Students feel the whole idea behind [Project LEARN] is geared towards them. To some degree I can understand it. But we are responding to complaints from the public. I’ve said this is a geographical problem. If someone is having a noisy party in that geographic area they are going to get a ticket, regardless of who they are. The problem is that most of the problems are caused by students. I’d ask them, what do they propose the London Police do, who are mandated to enforce the laws of the province and the municipal bylaws. Even though they may feel that way, grow up is my sentiment.

The issues haven’t changed. When I was in high school there were people drinking underage. Police would charge them and there was an anti-police feeling. Because we issue tickets I know that there is an anti-police feeling. That’s our job and people should understand that that’s our job.

In the past we’ve discussed your ideas for a keg registry and increased alcohol -related fines in certain neighbourhoods, can you see how that would lead to an unfriendly image of the police?
The keg registry isn’t just for students, it’s for everybody. I want a keg registry so we have an idea where these large groups of students or whatever are. It’s not just a student thing, neither are the increased fines. It’s responding to public complaints: the increased fines are there to protect the neighbours who are constantly bombarded by problem people, which are predominately students.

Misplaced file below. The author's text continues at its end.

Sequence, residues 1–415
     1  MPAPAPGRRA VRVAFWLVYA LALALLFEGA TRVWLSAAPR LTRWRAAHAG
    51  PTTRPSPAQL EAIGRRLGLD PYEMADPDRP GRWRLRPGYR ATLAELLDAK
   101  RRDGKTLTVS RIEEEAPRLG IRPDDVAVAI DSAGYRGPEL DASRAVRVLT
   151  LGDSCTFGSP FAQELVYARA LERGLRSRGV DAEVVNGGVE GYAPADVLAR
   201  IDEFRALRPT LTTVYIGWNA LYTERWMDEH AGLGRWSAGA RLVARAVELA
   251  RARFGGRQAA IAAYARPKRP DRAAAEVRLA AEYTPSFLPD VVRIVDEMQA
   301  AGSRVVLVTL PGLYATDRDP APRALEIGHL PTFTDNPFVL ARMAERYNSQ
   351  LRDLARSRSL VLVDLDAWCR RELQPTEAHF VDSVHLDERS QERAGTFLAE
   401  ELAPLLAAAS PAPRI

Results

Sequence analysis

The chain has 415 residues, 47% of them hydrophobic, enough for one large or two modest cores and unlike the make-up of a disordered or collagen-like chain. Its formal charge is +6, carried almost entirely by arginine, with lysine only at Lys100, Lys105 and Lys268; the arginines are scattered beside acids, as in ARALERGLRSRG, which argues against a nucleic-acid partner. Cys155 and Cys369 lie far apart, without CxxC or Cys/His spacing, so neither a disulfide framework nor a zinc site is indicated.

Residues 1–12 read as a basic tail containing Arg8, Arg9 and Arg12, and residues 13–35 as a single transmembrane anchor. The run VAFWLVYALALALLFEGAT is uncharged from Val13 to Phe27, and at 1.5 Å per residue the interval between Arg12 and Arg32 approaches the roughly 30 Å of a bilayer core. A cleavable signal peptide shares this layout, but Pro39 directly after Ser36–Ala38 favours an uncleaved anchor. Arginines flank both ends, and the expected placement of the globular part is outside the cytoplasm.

That being said, neither one is making any progress with the provincial government.

Some students have received notices on their rental property stating the police will take a zero tolerance approach to the address due to a history of problems. What is the thinking behind those notices?
What would happen in years past is people would move in and say, “We don’t know anything about the problems in the past.” It’s a proactive thing saying this address has been identified through our records as an area in which we come back numerous times for noise complaints, partying and rowdy behaviour. We hand out the notice so that they know this location has been problematic.

I would say, what is the issue with that. If they don’t have large parties, this isn’t an issue.

These students often feel like they have been unfairly targeted, because they haven’t done anything and have nothing to do with past problems.
That’s why we are telling them there has been history. So don’t be involved in any parties. It’s a warning, that’s all it is.

Are these warnings ever put on non-student residences?
In that area, oh yeah. That’s why it’s [a] geographical [problem]. I don’t know whether these people coming in there are students, but this address has been classified a problem address.

I think students are looking for some kind of scapegoat in relation to their behaviour " this is all behaviour-driven. I’m not saying you can’t have parties, but keep it in the house " keep it in the house and they’ll be fine.

People don’t want to do that. They want to make up their own rules.

Do you feel like your’e making progress on this issue?
One of the reasons that progress is slow is there are new students every year. It’s going on all the time as far as the education component.

Does it get frustrating?
Sometimes. But listen, there are bigger things in life to get frustrated over. We just keep working on this issue. Policing sometimes is a frustrating job.